Peering transparency will have no meaningful effect, says Aussie Broadband
Internet service provider Aussie Broadband does not believe that more transparency around peering criteria of the larger ISPs in Australia will have any meaningful effect.
The ACCC said yesterday that it welcomed the recent publication by the larger ISPs of their peering criteria, and believes it will boost competition in the supply of internet connectivity, including hosted services to corporate and government customers.
Aussie Broadband Managing Director Phillip Britt said that whilst he appreciates that the ACCC has encouraged the larger ISPs to publicise their peering criteria, he doesn’t think it will have any impact in the medium term.
“I’ve read through the peering policies of these larger players and even as the only ISP outside the main four to connect to all 121 POIs across Australia so far, we still wouldn’t meet the traffic requirements of Optus and TPG at this stage and probably won’t for another three years.
“Telstra does not have as much detail in its policy but judging from comments such as “similar traffic volumes should be exchanged between peering partners”, we think it would be just as restrictive for smaller players.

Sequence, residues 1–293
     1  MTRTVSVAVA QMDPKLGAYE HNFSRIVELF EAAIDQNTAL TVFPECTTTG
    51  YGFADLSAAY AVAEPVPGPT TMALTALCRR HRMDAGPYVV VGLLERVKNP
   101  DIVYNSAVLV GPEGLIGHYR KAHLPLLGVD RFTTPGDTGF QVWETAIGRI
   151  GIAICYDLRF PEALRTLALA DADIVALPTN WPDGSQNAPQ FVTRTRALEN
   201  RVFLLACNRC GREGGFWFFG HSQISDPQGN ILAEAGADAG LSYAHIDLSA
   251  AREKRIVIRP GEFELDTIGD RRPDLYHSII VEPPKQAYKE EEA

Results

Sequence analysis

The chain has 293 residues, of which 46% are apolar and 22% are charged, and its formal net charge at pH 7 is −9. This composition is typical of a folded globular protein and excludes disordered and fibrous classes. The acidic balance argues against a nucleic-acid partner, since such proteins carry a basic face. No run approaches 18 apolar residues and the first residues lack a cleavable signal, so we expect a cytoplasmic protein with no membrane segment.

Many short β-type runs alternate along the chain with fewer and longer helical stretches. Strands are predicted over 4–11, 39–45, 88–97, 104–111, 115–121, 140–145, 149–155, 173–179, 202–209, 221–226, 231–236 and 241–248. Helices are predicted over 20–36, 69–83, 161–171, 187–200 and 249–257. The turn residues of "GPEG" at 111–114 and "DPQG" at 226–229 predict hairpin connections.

“To us, this looks like it may have only been of benefit to the other large provider that wasn’t peering with the rest, which was Vocus.”
Phil said that whilst he agrees with the ACCC that more transparency is important, he believes it does not in this instance lead to opportunities for Tier 2 ISPs, let alone smaller ones.
“We’re unsure why it would be seen to boost competition in the supply of internet connectivity and hosted services for government and corporate customers, unless you consider that boost to be one extra player in the main peering group.
“None of the four (Telstra, Optus, TPG and Verizon) peer on the main public internet exchanges like IX Australia and Megaport, meaning the only way to directly access content on their networks without going via another provider is to have a (paid) transit relationship with them. The larger telcos have settlement free peering agreements with each other but the smaller ones will continue to pay for these relationships.
“The terms in these publicly available policies really continue the status quo.”
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